Wikileaks / Afghan logs
I'm doing some thinking on Wikileaks. I'll update this page with links throughout the next few days as they come up.
Best take on the Wikileak of the Afghan logs I've seen so far, by the New Yorker's Amy Davidson:
While [The New York Times] did find “misleading statements” on matters such as the Taliban’s use of heat-seeking missiles, and much that had been “hidden from the public eye,” the Times decided that
Over all, the documents do not contradict official accounts of the war.
One should pause there. What does it mean to tell the truth about a war? Is it a lie, technically speaking, for the Administration to say that it has faith in Hamid Karzai’s government and regards him as a legitimate leader—or is it just absurd? Is it a lie to say that we have a plan for Afghanistan that makes any sense at all? If you put it that way, each of the WikiLeaks documents—from an account of an armed showdown between the Afghan police and the Afghan Army, to a few lines about a local interdiction official taking seventy-five-dollar bribes, to a sad exchange about an aid scam involving orphans—is a pixel in a picture that does, indeed, contradict official accounts of the war, and rather drastically so.
Great analysis from Jay Rosen, also taking into account the state of journalism. Many good points.
Ask yourself: Why didn’t Wikileaks just publish the Afghanistan war logs and let journalists ‘round the world have at them? Why hand them over to The New York Times, the Guardian and Der Spiegel first? Because as Julien Assange, founder of Wikileaks, explained last October, if a big story is available to everyone equally, journalists will pass on it.
“It’s counterintuitive,” he said then. “You’d think the bigger and more important the document is, the more likely it will be reported on but that’s absolutely not true. It’s about supply and demand. Zero supply equals high demand, it has value. As soon as we release the material, the supply goes to infinity, so the perceived value goes to zero.”
The most extensive piece of journalism on Wikileaks so far is the New Yorker's profile of Julian Assange, the editor.
Interesting analysis of the incident reports using some very detailed operational knowledge, by Marc Armbinder, political editor of The Atlantic:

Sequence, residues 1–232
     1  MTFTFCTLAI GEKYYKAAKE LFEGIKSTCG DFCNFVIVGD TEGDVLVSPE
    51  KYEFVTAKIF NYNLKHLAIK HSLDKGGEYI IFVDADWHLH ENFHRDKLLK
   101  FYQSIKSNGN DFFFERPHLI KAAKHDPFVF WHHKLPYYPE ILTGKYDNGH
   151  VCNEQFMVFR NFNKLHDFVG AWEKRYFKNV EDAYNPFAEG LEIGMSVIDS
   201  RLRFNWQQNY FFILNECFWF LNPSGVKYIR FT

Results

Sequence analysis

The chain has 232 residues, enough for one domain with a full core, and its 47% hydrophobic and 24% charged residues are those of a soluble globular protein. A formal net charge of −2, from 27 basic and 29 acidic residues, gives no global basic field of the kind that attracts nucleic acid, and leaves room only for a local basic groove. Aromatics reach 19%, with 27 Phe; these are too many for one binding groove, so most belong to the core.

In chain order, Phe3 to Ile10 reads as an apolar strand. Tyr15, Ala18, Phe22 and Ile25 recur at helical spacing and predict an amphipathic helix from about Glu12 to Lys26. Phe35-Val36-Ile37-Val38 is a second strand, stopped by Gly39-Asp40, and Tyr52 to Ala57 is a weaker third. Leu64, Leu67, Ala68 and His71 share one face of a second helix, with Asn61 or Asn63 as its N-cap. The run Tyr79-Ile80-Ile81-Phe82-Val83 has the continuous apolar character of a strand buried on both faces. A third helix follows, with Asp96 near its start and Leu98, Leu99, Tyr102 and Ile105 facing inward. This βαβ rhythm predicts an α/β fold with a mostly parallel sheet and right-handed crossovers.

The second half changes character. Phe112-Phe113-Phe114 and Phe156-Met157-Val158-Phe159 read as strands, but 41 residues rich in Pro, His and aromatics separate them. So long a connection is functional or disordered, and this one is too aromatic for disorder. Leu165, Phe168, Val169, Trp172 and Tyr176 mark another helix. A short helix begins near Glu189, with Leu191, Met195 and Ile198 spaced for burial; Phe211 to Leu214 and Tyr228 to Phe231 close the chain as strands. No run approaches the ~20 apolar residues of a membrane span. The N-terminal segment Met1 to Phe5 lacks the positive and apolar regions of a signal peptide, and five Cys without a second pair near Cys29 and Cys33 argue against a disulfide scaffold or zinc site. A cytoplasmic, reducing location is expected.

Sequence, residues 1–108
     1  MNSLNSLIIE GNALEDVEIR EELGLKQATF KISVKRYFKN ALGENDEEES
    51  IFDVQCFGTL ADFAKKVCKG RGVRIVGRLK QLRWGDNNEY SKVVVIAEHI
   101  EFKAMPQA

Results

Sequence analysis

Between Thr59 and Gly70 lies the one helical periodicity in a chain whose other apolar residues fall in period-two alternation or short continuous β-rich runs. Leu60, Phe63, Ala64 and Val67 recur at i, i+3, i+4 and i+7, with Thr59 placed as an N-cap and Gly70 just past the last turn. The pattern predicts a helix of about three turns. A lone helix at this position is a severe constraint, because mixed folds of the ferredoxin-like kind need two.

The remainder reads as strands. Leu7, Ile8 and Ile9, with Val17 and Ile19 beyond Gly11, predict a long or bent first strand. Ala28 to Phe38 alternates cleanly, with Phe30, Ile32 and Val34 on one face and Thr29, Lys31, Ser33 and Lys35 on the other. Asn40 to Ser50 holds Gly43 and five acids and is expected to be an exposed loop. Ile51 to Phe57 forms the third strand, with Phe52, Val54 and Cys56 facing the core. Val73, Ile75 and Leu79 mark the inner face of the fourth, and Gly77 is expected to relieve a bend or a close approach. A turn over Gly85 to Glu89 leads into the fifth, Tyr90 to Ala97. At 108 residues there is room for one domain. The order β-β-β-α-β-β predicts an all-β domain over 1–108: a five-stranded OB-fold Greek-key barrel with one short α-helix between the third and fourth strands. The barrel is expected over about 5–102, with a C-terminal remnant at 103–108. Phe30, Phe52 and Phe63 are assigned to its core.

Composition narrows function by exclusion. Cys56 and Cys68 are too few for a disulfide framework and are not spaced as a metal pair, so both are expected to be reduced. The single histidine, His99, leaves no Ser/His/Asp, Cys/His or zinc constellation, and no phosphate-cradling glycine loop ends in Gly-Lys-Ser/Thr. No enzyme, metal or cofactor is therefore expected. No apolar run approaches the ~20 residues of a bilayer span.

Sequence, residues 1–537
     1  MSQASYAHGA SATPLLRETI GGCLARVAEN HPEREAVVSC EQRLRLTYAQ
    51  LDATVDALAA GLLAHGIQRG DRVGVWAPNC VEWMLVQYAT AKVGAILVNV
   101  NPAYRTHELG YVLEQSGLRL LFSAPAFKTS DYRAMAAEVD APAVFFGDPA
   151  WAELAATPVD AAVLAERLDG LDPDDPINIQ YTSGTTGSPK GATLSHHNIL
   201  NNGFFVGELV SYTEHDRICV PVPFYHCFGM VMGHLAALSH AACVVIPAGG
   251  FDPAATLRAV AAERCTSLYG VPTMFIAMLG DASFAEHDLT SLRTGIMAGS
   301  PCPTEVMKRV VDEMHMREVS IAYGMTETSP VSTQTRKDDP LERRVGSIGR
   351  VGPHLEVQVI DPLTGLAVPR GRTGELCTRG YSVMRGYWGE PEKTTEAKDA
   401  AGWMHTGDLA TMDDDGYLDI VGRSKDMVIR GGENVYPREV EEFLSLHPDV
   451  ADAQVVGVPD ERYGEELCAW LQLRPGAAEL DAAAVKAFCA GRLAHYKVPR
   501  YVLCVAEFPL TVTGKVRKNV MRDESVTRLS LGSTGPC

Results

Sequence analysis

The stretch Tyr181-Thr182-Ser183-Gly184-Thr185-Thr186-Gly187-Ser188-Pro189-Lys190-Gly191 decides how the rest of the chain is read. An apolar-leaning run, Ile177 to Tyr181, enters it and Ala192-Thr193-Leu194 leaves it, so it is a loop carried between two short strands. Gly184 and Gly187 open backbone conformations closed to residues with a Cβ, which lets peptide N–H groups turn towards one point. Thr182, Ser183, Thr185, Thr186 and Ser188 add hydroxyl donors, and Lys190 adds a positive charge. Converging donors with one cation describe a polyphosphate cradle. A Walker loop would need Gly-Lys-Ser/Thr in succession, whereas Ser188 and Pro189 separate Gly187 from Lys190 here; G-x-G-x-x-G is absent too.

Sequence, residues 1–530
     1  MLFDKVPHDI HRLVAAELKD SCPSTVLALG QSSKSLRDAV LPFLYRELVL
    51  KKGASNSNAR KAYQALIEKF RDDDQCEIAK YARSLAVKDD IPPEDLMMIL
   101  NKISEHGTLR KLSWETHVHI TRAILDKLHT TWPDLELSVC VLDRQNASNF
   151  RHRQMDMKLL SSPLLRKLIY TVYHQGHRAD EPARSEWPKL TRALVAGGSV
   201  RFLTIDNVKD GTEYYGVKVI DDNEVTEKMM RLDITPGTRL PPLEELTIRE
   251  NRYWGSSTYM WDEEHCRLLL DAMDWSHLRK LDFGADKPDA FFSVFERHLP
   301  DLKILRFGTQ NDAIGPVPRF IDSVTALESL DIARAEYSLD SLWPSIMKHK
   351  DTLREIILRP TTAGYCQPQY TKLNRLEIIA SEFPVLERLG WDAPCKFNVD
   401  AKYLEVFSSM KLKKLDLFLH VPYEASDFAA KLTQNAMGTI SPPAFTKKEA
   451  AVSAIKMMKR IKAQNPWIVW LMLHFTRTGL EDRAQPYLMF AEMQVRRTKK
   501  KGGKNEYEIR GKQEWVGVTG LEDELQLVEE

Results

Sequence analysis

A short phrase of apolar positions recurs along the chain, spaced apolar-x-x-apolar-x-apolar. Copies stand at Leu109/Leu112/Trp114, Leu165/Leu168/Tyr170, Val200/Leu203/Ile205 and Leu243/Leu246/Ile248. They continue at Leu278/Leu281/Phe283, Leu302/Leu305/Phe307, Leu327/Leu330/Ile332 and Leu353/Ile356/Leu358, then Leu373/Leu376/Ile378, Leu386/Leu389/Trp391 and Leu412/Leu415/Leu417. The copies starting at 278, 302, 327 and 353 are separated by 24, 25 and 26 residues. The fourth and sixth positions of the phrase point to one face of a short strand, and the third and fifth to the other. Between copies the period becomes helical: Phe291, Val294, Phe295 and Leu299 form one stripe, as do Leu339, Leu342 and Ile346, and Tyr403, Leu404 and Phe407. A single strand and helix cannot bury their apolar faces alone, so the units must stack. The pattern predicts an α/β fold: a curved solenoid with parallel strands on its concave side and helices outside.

From the perspective of the government, it's helpful that information about the links between Hamid Gul and the ISI have come out; it is another lever that can be used to ratchet up the pressure against dissenting elements in Pakistan's government. Virtually all of the information contained in the database predates the President's announcement of his new Afghanistan strategy, as well as sustained, significant, and potentially (though not obviously) effective diplomacy with coalitions spanning the border.
On a tactical level, did Wikileaks reveal anything that compromises the mission? There are lots of details and names that, out of context, provide no help for an enemy, but Wikileaks published data about numerous base names, call signs, and even soldier identities.
Noah Schactman of Wired experienced a dramatic combat situation in Afghanistan where he was pinned down for days with a company of soldiers named Echo Company. The battle logs describe a much tamer reality. This may be true of many situations as well: that there is a discrepancy either because of soldiers exaggerating the number of enemies or pretending the situation wasn't as big as it was.
What you won’t learn is that a marine sniper team sparked the shoot-out with a surprise assault on the insurgents; that every member of that team was nearly killed in the battle; that the incident would kick off a three-day siege in which the Taliban nearly had the Echo company squad surrounded; that this spot eventually became an Echo company base; or that, while this extended gun fight was going on, British and Afghan troops were nearby, waging a more gentle form of counterinsurgency as they sat cross-legged under shady patches of farmland and talked with village elders.
I happen to know this because I was there with Echo company, reporting for WIRED magazine. And the wide difference between what actually happened at the Moba Khan compound and what the report says happened there should give caution to those who think they can discover the capital-T truth about the Afghanistan conflict solely through the WikiLeaks war logs.